When your child has an asthma attack, it can be a very scary time. Some parents feel that they do not know enough about how to treat asthma or help their child during an attack. This page gives some very basic information about asthma, what it is, how it is treated, and how you, as the parent of an asthmatic child, can better deal with the attacks as they happen. This pages also includes a glossary of defined terms so that you and your child can understand the meanings of some of the words used to describe asthma.
By reading this booklet, you will learn how to prevent asthma attacks by using medications and a peak flow meter. You will be given a list of early warning signs, and how to stop an attack if your child is having one. This booklet also gives you information on recognizing a severe attack and how to single out the most common triggers of an asthma attack. You will even learn what information to give to your doctor so your doctor can best help your child.
At the end of this booklet, some support groups are listed that can help you even more with managing your child’s asthma. Your child may seem panicked during an asthma attack. More often than not, it is the parents who panic while the child is only struggling to keep breathing and might be a little embarrassed about all the attention. In the long run, your patience and ability to remain calm during your child’s attacks will help your child most of all.
What Is Asthma?
Asthma is a disease of the lungs. It is not something you can catch from someone, but it is a hereditary condition, meaning that it does pass down through families. Asthma is a treatable condition, but is not curable. Your child will have his asthma all of his life, and at times it may get better or worse, but if he does what is necessary to control it, he won’t be bothered by symptoms very often.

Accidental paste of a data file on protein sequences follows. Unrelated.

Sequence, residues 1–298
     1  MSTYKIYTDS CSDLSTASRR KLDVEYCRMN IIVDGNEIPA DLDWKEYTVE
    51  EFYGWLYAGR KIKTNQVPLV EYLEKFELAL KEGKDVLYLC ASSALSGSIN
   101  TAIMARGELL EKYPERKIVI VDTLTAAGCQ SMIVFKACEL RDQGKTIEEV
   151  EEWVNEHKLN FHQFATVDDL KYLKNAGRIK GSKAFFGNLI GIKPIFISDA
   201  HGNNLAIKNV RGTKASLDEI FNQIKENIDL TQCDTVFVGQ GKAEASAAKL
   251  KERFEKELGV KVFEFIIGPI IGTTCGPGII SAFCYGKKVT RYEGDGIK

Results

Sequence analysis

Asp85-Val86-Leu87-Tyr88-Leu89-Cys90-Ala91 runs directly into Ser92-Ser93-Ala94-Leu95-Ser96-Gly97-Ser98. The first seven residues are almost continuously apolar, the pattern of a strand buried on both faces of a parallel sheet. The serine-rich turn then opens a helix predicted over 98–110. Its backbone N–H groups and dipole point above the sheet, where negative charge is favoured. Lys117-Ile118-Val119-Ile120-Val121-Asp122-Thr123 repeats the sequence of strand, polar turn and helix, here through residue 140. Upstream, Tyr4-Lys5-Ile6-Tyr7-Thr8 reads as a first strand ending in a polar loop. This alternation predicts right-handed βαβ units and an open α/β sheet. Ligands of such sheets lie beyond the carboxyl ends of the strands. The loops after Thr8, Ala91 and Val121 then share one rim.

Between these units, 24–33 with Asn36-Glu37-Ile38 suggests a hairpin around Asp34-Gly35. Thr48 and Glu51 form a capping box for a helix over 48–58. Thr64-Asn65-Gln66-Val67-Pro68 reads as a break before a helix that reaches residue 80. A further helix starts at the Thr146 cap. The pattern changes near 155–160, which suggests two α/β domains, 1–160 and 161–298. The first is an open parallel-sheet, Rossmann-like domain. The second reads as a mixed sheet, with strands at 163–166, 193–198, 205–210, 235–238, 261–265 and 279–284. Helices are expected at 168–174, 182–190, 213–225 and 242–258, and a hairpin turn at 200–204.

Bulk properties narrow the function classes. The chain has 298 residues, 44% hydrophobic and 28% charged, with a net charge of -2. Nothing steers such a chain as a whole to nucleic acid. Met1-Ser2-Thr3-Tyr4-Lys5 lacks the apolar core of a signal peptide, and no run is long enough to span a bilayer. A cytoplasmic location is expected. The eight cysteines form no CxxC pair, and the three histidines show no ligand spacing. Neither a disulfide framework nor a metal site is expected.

When someone has an asthma attack, you often see a red-faced, panting person looking as if she cannot catch her breath. What is happening inside her lungs is not letting her catch her breath. During an attack of asthma, the airways react to something they were exposed to and constrict, not letting enough air into the lungs.
An irritant (dust, pollen, something she is allergic to) caused the bronchial tubes, or breathing tubes that lead to the lungs, to become tight and they often become inflamed, or swollen. The breathing passage gets narrow, which does not allow much air into his lungs. At the same time, mucous starts to fill up the bronchial tubes. Breathing becomes difficult, and the person may wheeze or gasp to try to get enough air. Only after the asthma attack passes can the person breathe comfortably again.
Some common asthma attack symptoms are:
- Difficulty breathing ??? gasping for air, panting
- Wheezing ??? a high-pitched sound like letting the air out of a balloon
- Coughing ??? some mucus may be brought up during a coughing spell
Why Does an Asthma Attack Happen?
There are many things that cause, or trigger, an asthma attack. Here is a list of the most common triggers of asthma attacks. You might want to mark any triggers that are present in your home or that your child is exposed to often.
- dust mites
- pet hair
- cigarette/cigar smoke
- auto exhaust
- household sprays
- air pollution
- rapid temperature changes
- aspirin (in some children)
- vigorous exercise
- certain foods, such as eggs, chocolate, nuts, dairy products and seafood
- sinus drainage
- paint fumes
- other chemical fumes or smells
- Preventing an asthma attack
- What is a peak flow meter?
- Predicting an asthma attack
- Treating an asthma attack
- Getting the most out of your doctor appointment
- Glossary of terms